Isaiah speaks to a people who have turned worship into a means of getting what they want from God. They imagine that if they say the right prayers, make the proper confessions, preach faithful sermons and make sacrificial offerings that God will be pleased. But God does not take notice and so they wonder: “Why do we fast, but you do not see? Why humble ourselves, but you do not notice?” (Is 58:3). Through the prophet the people hear the strong word of the LORD: “Is such the fast that I choose, a day to humble oneself? Is it to bow down the head like a bulrush, and to lie in sackcloth and ashes? Will you call this a fast, a day acceptable to the LORD? Is this not the fast that I choose: to loose the bonds of injustice, to undo the thongs of the yoke, to let the oppressed go free, and to break every yoke? Is it not to share your bread with the hungry, and bring the homeless poor into your house; when you see the naked, to cover them, and not to hide yourself from your own kin? Then your light shall break forth like the dawn, and your healing shall spring up quickly; your vindicator shall go before you, the glory of the LORD shall be your rear guard. Then you shall call, and the LORD will answer; you shall cry for help and he will say, Here I am” (Is. 58:5-9).
This is one of those texts that really requires no interpretation from the preacher. How did Mark Twain put it? “Most people are bothered by those passages of scripture they do not understand, the passages that bother me most are those I do understand.” What fast do we choose this Lent? It is not ours to choose. God has chosen the fast for us. It is a fast from ignoring our kin, our sisters and brothers who go hungry, without shelter, without clothes. To be marked with the ash of mortality is to stand in solidarity with our fellow mortals, all loved by the God who is a lover of justice and of righteousness. How appropriate that on this first Sunday of Lent we host Stephen Gray from First United Church where the fast from hunger and homelessness and nakedness is kept every day of the year. Participating in the ministry at First United is a means of keeping the fast that God chooses.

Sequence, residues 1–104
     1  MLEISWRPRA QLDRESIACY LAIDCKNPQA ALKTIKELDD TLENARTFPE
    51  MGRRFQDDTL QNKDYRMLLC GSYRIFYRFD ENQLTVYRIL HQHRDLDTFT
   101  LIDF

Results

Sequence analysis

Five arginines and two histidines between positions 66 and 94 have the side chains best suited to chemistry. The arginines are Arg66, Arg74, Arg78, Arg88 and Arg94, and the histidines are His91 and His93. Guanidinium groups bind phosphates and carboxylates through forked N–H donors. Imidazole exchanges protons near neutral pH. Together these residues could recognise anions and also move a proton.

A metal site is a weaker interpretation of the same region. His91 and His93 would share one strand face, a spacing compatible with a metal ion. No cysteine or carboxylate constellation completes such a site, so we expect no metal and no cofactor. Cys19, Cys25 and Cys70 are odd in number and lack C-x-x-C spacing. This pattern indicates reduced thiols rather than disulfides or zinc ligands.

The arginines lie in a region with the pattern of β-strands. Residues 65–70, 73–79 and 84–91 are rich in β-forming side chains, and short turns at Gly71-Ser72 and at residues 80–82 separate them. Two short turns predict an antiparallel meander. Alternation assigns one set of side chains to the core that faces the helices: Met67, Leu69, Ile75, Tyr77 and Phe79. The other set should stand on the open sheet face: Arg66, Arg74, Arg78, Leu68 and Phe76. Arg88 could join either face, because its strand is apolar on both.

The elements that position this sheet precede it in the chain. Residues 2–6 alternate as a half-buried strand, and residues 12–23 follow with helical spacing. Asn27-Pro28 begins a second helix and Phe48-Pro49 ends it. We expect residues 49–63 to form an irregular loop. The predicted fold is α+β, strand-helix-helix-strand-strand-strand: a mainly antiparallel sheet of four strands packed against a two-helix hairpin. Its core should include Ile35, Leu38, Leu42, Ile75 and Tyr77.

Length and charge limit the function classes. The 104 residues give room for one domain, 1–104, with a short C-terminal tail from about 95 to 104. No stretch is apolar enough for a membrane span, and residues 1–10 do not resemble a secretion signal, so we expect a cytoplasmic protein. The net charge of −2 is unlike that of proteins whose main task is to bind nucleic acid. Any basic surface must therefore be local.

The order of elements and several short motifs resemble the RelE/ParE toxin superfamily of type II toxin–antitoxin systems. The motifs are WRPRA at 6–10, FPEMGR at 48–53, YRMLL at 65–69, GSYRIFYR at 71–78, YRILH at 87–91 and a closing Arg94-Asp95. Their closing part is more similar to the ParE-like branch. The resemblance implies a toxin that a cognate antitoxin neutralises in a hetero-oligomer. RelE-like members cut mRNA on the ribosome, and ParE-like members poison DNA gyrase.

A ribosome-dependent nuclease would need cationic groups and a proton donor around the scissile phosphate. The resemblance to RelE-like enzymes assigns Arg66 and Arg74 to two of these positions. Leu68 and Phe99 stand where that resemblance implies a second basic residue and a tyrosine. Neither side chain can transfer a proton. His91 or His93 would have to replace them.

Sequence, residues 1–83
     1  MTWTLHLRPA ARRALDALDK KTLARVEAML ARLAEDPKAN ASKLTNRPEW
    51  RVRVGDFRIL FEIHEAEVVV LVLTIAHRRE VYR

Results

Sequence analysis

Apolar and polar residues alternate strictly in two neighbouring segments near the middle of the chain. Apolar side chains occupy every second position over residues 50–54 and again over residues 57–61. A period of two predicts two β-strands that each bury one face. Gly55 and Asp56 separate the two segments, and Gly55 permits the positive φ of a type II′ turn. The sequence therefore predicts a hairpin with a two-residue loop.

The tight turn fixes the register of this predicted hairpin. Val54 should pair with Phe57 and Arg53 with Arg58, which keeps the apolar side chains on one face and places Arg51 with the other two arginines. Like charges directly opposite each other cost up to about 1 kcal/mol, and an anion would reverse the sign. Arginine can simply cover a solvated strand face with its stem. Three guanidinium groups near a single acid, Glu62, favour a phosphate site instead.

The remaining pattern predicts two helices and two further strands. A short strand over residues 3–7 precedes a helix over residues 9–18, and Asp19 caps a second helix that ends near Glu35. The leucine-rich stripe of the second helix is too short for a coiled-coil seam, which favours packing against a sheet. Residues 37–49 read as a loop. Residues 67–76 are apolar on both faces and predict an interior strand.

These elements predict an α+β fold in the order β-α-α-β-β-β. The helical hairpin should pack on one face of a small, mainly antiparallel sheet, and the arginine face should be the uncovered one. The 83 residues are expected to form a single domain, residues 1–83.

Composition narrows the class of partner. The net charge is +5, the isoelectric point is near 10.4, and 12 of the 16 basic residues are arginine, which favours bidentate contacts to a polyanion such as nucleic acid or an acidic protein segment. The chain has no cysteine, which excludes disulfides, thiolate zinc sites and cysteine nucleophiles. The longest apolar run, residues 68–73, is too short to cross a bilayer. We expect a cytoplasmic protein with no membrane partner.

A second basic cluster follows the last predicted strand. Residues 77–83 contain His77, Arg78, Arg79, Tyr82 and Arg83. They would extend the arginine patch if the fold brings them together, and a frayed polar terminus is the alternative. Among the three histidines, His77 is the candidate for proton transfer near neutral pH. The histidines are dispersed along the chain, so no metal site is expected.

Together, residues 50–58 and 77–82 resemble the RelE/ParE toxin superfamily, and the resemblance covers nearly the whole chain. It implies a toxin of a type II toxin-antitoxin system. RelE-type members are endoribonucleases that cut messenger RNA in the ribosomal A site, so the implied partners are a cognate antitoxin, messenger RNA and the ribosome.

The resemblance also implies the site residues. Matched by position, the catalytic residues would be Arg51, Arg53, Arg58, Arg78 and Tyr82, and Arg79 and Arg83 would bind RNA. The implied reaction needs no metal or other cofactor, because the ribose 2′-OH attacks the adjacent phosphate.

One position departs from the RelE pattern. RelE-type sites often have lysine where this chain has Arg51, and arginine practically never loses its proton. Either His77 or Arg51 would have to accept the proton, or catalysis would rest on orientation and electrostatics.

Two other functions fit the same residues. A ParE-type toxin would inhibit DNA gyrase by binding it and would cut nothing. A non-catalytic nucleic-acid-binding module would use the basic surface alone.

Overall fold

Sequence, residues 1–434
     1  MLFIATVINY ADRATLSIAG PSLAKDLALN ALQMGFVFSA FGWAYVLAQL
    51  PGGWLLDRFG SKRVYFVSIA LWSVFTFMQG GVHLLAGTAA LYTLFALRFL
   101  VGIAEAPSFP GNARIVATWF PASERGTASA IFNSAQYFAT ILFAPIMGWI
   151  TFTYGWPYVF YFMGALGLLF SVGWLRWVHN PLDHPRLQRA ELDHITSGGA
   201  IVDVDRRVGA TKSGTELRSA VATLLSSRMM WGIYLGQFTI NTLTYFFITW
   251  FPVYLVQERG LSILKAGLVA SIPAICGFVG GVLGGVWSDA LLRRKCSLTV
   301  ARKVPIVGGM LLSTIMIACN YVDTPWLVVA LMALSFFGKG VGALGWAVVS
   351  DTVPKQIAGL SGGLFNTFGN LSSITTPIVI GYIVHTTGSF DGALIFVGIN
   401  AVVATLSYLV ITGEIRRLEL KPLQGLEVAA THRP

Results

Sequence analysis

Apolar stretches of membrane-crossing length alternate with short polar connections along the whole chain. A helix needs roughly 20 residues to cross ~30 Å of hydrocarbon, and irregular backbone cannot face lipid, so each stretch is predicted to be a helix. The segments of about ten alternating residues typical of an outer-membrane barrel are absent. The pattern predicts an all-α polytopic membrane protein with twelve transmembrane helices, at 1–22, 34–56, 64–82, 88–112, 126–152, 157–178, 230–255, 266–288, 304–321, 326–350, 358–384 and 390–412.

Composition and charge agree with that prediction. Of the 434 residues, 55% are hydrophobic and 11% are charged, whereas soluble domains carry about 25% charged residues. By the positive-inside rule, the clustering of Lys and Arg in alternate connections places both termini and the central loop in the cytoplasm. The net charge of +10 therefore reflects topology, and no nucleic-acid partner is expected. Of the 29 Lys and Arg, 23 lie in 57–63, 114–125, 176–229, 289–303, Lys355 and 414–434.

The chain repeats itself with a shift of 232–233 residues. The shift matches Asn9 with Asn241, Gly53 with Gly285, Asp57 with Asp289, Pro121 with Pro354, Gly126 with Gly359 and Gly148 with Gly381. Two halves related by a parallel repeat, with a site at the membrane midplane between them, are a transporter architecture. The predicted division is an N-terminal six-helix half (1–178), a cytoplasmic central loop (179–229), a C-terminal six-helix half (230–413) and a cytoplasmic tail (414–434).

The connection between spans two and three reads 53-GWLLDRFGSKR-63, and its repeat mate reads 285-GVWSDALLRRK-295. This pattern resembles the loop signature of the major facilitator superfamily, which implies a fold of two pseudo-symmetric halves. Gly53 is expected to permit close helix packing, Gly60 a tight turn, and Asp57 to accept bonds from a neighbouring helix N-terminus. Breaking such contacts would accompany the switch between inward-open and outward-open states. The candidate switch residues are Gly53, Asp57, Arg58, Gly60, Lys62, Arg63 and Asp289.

Such fasting from apathy, such feasting on empathy results, says Isaiah, in our needs satisfied and in our bones made strong, in a church that is like a watered garden and a ruin restored. To keep the fast of feeding and sheltering and clothing is to be known as “the repairer of the breach” (Is. 58:11-12). Here is the reason that we gather at table of the Lord each Sunday in Lent. Here we feast on the abundance of God. Here we taste the kingdom come, where God’s will is done and none go without food, without shelter, without clothing. To celebrate the sacrament of the Eucharist - the Great Thanksgiving - is to live our lives out of the generosity of God, the God who dies so that we may live. The words we are about to sing say it so beautifully: “God brings new beauty nigh; reply, reply, reply with love to love most high” (from “Now Quit Your Care” by Percy Dearmer).